The Bridge Act has been stuck in committees since January.

Showing their cards

A number of pro-immigrant Republicans in Congress told Univision News that they "will support" a bill to legalize dreamers. "I stand ready to work with Speaker Ryan and others to find a common sense legislative solution," said Mario Diaz-Balart (R-FL).

In addition to co-sponsoring the DREAM Act, Rep. Ros-Lehtinen recalled that she has joined other similar initiatives to protect Dreamers, such as the 'RAC Act', sponsored by Congressman Carlos Curbelo (R-FL), and the Bridge Act.

The office of Sen. Robert 'Bob' Menendez (D-NJ) said he has "always supported a legislative solution that offers permanent protection to our Dreamers," and that "a serious bill without poison pills remains the preferred option."

"What remains to be seen is whether Republicans will try to use this urgency created by their own party to tie parts of President Trump's anti-immigrant agenda to a proposal to protect Dreamers," the New Jersey senator warned.

A nervous climate

Gabriela Pacheco, executive director of The Dream.US and a Dreamer activist, told Univision she thinks Democrats will likely have to grant Trump some sort of victory "in order to ensure a legislative option for Dreamers."

Lawmakers will also use the Dreamer issue as leverage in their 2018 midterm election campaigns, she said.

In November 2018, Americans will vote on all 435 seats in the House of Representatives and 33 of the 100 seats in the Senate. Both chambers are now controlled by Republicans.

"We need to push," Pacheco said.

Eliseo Medina of the Mi Familia Vota organization said this is the moment for a bipartisan decision to help Dreamers. "If it approves DACA, Congress would prove they are sane and responsible, not beholden by the ultra right of the United States," Medina said.

Frank Sharry, president of the national immigration reform group America’s Voice, said legislation protecting Dreamers is part of a larger goal of immigration reform: "We have always indicated that a permanent legislative solution is needed, and this applies to both the Dreamers and the rest of the (11 million) undocumented people" living in the country, he said.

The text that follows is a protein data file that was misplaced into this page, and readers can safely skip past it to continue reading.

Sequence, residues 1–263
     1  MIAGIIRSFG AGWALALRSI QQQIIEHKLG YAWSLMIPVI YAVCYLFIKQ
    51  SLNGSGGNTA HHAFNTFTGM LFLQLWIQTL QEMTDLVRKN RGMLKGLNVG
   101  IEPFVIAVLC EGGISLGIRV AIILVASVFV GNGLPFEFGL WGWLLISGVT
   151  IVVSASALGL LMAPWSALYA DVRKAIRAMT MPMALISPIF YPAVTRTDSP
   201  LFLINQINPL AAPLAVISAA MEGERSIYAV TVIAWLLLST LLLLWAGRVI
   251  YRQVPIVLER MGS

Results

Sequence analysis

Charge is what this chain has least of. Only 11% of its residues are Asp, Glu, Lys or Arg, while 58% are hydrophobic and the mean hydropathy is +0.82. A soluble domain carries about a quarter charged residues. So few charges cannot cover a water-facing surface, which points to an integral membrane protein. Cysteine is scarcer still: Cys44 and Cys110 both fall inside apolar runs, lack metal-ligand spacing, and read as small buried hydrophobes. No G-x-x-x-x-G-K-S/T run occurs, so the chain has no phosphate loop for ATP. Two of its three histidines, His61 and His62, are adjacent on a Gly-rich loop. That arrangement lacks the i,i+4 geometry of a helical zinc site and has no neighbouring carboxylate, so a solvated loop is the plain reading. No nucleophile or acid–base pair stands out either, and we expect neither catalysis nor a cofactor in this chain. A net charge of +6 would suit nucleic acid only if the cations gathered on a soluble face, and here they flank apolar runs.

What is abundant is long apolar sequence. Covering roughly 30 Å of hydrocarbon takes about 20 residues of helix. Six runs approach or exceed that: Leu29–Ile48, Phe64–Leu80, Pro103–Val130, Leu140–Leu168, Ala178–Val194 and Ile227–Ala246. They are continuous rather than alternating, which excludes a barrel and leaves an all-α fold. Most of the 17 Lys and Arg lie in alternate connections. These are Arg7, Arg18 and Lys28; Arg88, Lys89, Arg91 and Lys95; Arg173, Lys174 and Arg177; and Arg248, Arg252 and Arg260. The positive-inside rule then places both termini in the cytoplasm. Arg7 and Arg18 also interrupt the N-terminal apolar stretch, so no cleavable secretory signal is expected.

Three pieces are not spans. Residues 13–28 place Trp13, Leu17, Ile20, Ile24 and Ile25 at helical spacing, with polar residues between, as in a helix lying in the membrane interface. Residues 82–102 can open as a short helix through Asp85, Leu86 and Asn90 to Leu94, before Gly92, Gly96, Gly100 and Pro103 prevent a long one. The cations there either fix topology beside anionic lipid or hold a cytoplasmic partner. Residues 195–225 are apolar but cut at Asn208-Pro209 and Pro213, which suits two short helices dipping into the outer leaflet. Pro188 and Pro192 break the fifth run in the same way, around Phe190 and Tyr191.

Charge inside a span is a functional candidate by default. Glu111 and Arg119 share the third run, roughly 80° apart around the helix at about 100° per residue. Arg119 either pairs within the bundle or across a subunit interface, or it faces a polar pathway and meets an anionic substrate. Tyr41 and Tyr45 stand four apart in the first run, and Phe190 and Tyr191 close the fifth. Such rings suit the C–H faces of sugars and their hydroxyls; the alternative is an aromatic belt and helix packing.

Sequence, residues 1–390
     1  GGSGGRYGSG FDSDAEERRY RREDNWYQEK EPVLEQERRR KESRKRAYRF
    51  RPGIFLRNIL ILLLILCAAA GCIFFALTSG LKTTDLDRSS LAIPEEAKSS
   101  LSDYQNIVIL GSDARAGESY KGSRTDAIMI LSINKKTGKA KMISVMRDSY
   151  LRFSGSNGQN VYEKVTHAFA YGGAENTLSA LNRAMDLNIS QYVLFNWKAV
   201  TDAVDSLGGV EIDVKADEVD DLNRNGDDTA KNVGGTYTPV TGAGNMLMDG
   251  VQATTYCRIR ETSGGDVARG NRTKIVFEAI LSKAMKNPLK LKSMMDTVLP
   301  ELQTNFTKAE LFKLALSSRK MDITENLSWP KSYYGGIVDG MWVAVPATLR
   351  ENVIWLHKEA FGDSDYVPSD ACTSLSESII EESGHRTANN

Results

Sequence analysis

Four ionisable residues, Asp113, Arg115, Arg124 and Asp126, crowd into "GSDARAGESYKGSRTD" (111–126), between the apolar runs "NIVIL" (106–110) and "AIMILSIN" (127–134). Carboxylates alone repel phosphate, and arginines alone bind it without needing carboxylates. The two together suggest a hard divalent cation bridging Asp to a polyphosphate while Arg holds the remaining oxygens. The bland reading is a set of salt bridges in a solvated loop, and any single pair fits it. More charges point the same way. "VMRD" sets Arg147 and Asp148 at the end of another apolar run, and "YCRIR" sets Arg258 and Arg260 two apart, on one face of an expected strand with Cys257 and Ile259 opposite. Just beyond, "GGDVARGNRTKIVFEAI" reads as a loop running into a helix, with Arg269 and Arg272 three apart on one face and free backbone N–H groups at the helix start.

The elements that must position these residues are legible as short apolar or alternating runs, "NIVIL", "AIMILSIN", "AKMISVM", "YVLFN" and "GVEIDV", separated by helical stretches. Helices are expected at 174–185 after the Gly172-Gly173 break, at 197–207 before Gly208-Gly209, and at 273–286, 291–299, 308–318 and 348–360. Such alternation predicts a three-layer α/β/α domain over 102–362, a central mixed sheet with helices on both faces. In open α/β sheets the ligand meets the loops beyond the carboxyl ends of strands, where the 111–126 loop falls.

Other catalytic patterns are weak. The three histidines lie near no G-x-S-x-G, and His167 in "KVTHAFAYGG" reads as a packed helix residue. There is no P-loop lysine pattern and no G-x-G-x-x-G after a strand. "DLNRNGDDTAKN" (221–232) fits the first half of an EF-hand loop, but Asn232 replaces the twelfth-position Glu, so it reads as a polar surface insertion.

"If the Trump White House leads Congress to act on some version of the Dream Act ... we welcome a permanent solution, provided that these young people are not used to promote other punitive measures," he added.

For now, "the ball is in Trump's court," he said.

1. Bridge Act (H.R. 496 ; S. 128 )
Introduced: January 12, 2017 (House and Senate)
Sponsors: Reps. Mike Coffman (R) and Luis Gutiérrez (D) and Sens. Lindsey Graham (R) and Dick Durbin (D).
Status: In the House, the bill was referred to the Subcommittee on Immigration and Border Security, led by Republican Raul Labrador, February 6. It was introduced in the Senate on January 12, read twice and referred to the Committee on the Judiciary, led by Republican Chuck Grassley. It hasn't moved since.

2. Recognizing America’s Children Act (H.R.1468 )
Introduced: March 9, 2017 (House)
Sponsor: Rep. Carlos Curbelo (R-FL).
Status: Referred to the Subcommittee on Immigration and Border Security, led by Labrador, March 21. It does not have a Senate version.

3. Dream Act of 2017 (S. 1615 ; H.R. 3440 )
Introduced: July 20, 2017 (Senate); July 26, 2017 (House)
Sponsors: Reps. Lucille Roybal-Allard (D) and Ileana Ros Lehtinen (R) and Sens. Lindsey Graham (R) and Dick Durbin (D).
Status: It was referred to the Senate Committee on the Judiciary, led by Republican Chuck Grassley, July 20; in the House it was referred to the Committee on the Judiciary, led by Republican Bob Goodlatte, and the Committee on Education and the Workforce, led by Republican Virginia Foxx, July 26.

4. American Hope Act (H.R. 3591)
Introdued: July 28, 2017 (House)
Sponsor: Rep. Luis Gutiérrez (D)
Status: It was referred to the Committee on the Judiciary, led by Republican Bob Goodlatte, and the Committee on Education and the Workforce, led by Republican Virginia Foxx, July 28. It does not have a companion Senate bill.